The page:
For years, Comcast and other cable companies have leaned on a simple strategy to offset the effects of cord-cutting: Charge a steep price on home internet service, and enjoy soaring profits thanks to little or no competition.
That strategy may now be in jeopardy. Comcast’s internet subscriber growth was essentially flat last quarter, while Charter lost 21,000 Spectrum internet subscribers. For both companies, it’s the first time they’ve failed to grow their home internet businesses in a given quarter.
The reason isn’t a mystery, either: All around the country, T-Mobile and Verizon have been rolling out cheap home internet service powered by their 5G networks, at last giving customers an alternative where none previously existed. In an earnings call, Comcast CEO Brian Roberts pointed to those carriers as a reason its broadband growth has hit a wall.
It’s a rude awakening for cable companies, whose broadband monopolies in many markets have allowed them to raise prices—and, in Comcast’s case, enforce data caps. While Comcast and Charter have tried to downplay the threat posed by wireless home internet, experts say the competition is here to stay.
“Across the nation, all sorts of internet service providers have gained two new competitors,” says Kristen Hanich, the research director for Parks Associates, referring to T-Mobile and Verizon. “They need to prepare for that accordingly.”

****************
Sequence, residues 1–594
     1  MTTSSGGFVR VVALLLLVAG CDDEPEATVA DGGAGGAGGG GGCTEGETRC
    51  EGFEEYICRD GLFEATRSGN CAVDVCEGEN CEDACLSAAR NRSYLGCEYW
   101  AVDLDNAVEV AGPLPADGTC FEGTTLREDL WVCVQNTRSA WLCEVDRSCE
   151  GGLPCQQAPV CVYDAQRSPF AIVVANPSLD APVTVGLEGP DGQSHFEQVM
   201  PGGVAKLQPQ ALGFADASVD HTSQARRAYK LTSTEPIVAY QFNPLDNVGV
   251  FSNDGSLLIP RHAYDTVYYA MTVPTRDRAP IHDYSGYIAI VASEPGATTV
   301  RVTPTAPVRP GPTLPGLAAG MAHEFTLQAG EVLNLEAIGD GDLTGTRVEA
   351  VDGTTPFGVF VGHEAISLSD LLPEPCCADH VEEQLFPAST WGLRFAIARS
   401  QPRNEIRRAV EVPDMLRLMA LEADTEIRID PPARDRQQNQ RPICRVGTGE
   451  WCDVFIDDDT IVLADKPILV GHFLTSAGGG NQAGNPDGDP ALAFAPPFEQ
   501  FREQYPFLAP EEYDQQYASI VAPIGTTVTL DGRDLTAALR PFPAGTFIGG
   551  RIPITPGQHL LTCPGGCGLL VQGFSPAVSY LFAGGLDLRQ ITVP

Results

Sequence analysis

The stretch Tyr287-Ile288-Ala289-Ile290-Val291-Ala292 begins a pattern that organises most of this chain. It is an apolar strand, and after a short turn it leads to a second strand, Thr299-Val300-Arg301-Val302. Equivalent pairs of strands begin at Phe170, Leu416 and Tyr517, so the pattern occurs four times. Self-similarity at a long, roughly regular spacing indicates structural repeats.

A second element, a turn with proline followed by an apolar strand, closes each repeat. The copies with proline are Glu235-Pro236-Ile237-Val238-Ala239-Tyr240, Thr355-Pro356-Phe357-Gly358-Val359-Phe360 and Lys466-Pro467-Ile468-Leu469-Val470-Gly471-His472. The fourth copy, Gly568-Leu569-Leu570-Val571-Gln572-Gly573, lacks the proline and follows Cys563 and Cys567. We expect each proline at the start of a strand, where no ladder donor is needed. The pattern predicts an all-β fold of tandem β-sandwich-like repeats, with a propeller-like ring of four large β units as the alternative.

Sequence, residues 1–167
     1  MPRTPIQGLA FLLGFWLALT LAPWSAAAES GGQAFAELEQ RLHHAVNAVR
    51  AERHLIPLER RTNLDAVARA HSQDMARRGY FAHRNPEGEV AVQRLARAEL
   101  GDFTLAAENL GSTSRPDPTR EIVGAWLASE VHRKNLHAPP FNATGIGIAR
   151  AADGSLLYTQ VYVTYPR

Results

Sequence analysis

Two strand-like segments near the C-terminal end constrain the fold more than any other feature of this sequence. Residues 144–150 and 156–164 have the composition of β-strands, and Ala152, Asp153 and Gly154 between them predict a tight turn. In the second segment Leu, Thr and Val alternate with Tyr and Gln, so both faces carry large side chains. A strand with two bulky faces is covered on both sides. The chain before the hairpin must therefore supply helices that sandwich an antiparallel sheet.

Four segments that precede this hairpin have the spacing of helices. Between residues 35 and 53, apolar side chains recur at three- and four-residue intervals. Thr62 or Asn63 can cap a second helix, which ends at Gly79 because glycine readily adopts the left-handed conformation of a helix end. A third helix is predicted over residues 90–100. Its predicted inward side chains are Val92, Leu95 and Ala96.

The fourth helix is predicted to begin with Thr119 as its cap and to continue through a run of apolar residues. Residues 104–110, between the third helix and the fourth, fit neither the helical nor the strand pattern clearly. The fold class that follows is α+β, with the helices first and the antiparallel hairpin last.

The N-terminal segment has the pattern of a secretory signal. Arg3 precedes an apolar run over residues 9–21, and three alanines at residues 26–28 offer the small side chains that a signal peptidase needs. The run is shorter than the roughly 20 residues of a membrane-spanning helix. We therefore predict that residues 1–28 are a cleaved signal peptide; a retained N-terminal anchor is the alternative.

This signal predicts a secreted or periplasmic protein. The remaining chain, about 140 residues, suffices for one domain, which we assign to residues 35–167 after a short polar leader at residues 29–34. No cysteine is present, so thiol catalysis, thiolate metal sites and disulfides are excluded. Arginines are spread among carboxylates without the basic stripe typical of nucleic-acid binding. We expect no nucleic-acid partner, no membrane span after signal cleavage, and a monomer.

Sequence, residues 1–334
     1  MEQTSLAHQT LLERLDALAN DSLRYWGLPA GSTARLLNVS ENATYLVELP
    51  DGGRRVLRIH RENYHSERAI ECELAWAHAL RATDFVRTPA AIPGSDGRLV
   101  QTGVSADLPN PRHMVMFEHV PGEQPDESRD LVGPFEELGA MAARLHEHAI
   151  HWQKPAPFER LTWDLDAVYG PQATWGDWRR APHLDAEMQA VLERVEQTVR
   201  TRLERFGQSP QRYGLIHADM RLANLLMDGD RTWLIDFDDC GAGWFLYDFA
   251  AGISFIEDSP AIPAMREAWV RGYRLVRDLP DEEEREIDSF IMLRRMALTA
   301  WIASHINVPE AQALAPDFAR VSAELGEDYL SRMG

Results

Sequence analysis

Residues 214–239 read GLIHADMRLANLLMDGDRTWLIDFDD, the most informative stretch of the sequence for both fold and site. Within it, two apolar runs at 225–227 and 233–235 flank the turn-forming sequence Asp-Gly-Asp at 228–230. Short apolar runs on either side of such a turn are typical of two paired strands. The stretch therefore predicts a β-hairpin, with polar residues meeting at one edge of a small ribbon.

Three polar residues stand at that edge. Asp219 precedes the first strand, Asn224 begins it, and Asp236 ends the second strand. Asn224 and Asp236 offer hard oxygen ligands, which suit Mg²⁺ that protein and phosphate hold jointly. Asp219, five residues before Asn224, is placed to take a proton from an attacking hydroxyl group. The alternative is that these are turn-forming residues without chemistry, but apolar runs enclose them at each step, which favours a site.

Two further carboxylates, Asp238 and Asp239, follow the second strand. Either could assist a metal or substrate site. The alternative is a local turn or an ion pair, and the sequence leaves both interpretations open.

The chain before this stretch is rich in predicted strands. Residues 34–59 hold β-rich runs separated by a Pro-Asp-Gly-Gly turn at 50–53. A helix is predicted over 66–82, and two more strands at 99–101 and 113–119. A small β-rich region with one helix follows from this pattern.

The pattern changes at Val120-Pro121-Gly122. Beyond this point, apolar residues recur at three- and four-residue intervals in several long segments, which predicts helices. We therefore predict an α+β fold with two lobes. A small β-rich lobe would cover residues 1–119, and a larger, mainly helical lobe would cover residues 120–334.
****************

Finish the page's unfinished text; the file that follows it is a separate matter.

Wireless home internet is cheaper
Both T-Mobile and Verizon are undercutting cable companies on pricing. T-Mobile, for instance, charges $50 per month for home internet, with typical download speeds ranging from 33-182 Mbps. Verizon also charges $50 per month with download speeds ranging from 85 Mbps to 300 Mbps according to CNet, and it cuts the price in half for customers who bundle smartphone service.
By comparison, Comcast’s non-promotional internet prices start at $99 per month, and Spectrum’s non-promotional internet service starts at $75 per month.
While the wireless offerings aren’t new, T-Mobile and Verizon have both been expanding to more markets, increasing speeds with mid-band 5G, and marketing their services more aggressively. T-Mobile even aired a commercial for home internet service during the Super Bowl.
Subscriber growth has surged accordingly. T-Mobile now has more than one million home internet subscribers, and added 560,000 in the last quarter alone. Verizon has 384,000 wireless home internet subscribers, two thirds of which came in the last quarter.
“That puts [T-Mobile] at about the 10th largest internet service provider in the United States, basically coming out of nothing a year or so ago,” Hanich says.
Can it compete?
T-Mobile and Verizon can’t cannibalize cable internet overnight. People generally consume much more data at home than they do while out and about on their phones, and because wireless carriers are sending all that data through the same airwaves, they must be more mindful of network congestion.
That means either limiting how many new subscribers they take in or discouraging heavy use through data caps. To that end, T-Mobile recently introduced a version of its service with data caps in markets where it’s concerned about congestion. (Verizon, for now, hasn’t capped data use in any of its home internet markets.)
All this has led to some skepticism among analysts about the carriers’ growth targets. T-Mobile hopes to have between seven million and eight million home internet subscribers by 2025, while Verizon hopes to have four million to five million by then. Comcast and Charter currently have 32.2 million and 30 million internet subscribers, respectively.